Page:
MLB Little League Classic worked well, so try it again
Who said Bowman Field was a pitchers’ park?
Josh Bell and Jedd Gyorko didn’t seem to think so with their home runs in the first two innings.
Who said Bowman Field couldn’t host a Major League Baseball game?
Plenty, and there was reason to be skeptical that a 91-year old minor-league ballpark in a low lying area near the Susquehanna River and Route 15 was a good idea.
Who said it worked so well it should be done again?
Since MLB Commissioner Rob Manfred didn’t explicitly say that, let me do it for him. And let me do it on behalf of those holding the 500 tickets MLB allocated to residents of residents of Lycoming County for a chance to join Little League World Series players and their families.
Come back again soon, guys.
“I’d expect to do it again, but maybe use different teams,” said Manfred, saying the Phillies made sense because the Williamsport Crosscutters here are their short-season single-A team. Manfred also said other teams expressed interest and so did some players, as the majors has a handful of LLWS alums.
The 2017 MLB Little League Classic happened not only because MLB field guru Murray Cook transformed the Bowman Field playing surface up to MLB standards thanks in part to money from both MLB and the state, but because Manfred has made youth engagement a priority and found a willing partner in Little League. It’s also the kind of special event that Manfred envisions having 2-3 times a year, like the 2016 game at Fort Bragg.
And when the 2018 MLB schedule comes out in a few weeks before the regular season ends, we might see another one set here for next August.
If there’s no game scheduled at that point, look for east coast teams wrapping up homestands when the LLWS would be played, likely Aug. 16-26. Manfred said a few unspecified details would need worked out before he’d commit to a repeat.
If not the Phillies, then the Yankees, Mets, Orioles, Nationals and Indians are close enough to make this work from the logistical standpoint of coming by for one game at the end of a home series like the Pirates and Cardinals did Sunday.
But the rest of it could be the same. Build the Crosscutters’ New York-Penn League schedule to allow for a week to restore the temporary fixtures in the parking lot, from the clubhouse tents to the production trailers.
Put the 16 Little League teams in their 16 different-colored uniforms in the box seats down low. Let those players reach for balls and prizes between innings. Let players like Josh Harrison get LLWS player autographs on cleats and wear them in a game.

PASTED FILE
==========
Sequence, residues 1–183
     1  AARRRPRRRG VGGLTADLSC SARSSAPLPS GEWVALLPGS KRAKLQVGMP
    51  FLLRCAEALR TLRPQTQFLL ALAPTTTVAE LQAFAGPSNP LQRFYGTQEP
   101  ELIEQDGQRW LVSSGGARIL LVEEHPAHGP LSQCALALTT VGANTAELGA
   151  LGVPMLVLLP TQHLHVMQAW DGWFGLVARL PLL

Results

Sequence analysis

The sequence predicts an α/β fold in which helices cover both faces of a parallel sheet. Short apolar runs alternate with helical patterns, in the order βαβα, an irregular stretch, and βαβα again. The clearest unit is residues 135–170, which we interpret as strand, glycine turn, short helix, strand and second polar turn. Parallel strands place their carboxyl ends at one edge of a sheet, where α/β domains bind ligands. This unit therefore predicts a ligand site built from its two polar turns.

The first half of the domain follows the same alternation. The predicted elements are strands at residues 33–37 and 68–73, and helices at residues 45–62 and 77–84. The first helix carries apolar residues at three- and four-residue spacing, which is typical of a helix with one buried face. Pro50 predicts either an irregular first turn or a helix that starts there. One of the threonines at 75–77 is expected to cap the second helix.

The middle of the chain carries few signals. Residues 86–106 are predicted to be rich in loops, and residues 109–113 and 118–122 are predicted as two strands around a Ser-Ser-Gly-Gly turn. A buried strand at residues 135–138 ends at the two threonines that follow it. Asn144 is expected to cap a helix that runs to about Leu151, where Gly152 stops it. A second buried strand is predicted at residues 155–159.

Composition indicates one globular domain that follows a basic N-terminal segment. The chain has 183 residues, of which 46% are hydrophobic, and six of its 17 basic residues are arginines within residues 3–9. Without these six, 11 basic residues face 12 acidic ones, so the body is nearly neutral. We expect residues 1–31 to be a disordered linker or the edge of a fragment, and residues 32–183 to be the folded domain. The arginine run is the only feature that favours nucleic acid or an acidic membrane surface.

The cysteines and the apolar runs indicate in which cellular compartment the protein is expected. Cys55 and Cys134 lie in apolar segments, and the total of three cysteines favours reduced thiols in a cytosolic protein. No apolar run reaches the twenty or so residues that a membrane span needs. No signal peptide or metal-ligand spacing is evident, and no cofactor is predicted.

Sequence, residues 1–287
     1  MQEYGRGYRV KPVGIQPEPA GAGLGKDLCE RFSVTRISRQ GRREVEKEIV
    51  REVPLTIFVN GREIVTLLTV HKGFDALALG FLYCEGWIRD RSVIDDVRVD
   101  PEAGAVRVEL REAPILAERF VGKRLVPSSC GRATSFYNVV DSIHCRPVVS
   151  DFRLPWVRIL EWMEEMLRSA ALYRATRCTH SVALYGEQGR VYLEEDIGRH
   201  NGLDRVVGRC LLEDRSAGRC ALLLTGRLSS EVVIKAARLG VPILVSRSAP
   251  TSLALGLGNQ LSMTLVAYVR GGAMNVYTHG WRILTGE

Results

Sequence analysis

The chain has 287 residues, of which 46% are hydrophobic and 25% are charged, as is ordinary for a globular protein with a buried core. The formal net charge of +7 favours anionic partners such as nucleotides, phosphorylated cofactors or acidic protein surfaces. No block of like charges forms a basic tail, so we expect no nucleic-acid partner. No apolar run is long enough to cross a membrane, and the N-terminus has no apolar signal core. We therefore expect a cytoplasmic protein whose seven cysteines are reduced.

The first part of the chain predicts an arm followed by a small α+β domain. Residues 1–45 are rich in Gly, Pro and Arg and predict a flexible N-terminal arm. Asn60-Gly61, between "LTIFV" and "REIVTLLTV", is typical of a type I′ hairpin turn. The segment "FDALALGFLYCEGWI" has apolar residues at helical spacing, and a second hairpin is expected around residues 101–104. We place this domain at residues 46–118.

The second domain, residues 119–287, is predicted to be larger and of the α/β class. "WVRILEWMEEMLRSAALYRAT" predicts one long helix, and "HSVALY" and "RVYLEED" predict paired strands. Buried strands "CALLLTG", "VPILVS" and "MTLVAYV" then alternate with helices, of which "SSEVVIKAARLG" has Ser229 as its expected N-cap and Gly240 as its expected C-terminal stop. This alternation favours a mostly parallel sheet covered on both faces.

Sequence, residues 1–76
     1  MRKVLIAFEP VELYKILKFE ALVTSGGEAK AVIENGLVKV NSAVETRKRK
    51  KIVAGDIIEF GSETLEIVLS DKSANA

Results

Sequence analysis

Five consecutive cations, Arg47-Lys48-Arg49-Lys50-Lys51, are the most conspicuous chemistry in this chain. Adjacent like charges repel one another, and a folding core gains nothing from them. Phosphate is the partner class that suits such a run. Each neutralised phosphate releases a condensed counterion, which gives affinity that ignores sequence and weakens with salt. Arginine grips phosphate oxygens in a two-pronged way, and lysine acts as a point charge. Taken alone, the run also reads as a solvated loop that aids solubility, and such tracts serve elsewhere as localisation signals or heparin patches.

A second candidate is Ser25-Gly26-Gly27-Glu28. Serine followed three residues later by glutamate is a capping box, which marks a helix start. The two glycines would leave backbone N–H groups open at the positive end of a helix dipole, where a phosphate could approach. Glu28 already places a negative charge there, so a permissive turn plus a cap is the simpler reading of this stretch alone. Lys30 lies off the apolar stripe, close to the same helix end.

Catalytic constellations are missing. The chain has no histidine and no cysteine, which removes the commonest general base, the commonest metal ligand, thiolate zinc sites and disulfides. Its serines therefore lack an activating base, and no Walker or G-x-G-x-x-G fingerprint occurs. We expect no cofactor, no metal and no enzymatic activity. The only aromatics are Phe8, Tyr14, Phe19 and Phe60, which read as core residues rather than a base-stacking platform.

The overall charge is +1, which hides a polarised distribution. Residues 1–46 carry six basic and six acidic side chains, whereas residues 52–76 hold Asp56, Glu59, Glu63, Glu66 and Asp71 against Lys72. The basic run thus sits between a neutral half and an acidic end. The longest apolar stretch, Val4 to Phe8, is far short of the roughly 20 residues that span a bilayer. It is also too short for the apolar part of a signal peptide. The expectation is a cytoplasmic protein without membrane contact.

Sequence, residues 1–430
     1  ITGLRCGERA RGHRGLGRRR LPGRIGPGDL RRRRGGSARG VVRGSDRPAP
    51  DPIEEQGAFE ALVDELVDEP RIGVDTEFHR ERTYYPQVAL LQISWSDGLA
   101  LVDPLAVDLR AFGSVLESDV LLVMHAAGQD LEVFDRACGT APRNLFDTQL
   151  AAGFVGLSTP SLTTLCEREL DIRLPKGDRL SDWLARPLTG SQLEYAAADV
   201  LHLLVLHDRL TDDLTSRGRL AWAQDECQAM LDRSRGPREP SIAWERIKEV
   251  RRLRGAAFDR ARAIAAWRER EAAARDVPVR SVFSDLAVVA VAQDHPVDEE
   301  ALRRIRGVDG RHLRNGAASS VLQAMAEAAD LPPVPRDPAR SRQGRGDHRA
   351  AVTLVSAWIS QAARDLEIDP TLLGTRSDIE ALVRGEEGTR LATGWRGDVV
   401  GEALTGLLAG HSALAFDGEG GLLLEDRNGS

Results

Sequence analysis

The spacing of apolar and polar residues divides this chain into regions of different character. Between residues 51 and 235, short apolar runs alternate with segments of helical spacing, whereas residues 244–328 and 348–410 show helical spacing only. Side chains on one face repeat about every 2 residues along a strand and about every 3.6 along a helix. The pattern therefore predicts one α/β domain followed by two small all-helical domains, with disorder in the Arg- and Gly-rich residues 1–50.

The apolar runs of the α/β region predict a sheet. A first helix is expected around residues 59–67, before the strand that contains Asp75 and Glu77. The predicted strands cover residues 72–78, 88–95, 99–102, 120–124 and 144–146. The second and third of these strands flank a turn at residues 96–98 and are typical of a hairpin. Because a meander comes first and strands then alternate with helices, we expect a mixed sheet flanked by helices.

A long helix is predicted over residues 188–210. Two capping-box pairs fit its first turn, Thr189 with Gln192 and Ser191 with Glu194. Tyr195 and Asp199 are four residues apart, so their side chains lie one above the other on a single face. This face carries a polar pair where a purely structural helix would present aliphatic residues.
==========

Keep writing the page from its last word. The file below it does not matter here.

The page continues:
Have more happy reunions like the one earlier Sunday in the Little League players’ cafeteria, when Cardinals outfielder Randal Grichuk remembered his team uncle Mick Cioffi from his appearance as a Texas Little Leaguer in 2003-04.
Mob Cardinals manager Mike Matheny for autographs and photos so it takes him 10 minutes to reach his seat at Lamade Stadium upon arrival earlier in the day to watch the Little Leaguers play.
Bring back ESPN for another Sunday night game so the nation can see the rest of Williamsport’s aerials. Have more clean weather to let the schedule stand as planned, though something worse than Saturday night’s two-hour lightning delay was the kind of last-minute snag that could ruin it all.
Find a lasting name for those watching for free from the hill sloping away from Route 15, but with an obstructed distant view over the left-field foul line. That spot’s best sports connection before Sunday was being where people line up to watch NASCAR team haulers drive from Pocono to Watkins Glen.
The Route 15 rooters? Those on the road to the big leagues? The hill people? There’s time to figure this out for the Bowman Field version of the Wrigley Field rooftop clubs and print up T-shirts.
And then, do what the Pirates and Cardinals did after the game: shake hands like they were 12.
“Both teams talked about it, both teams signed off on it, and I thought it was kind of unique,” said Pirates manager Clint Hurdle, adding he wouldn’t want that 162 games a year.
But for one night? Do it all again.
Brigandi is sports editor at The Sun-Gazette. He may be reached at firstname.lastname@example.org.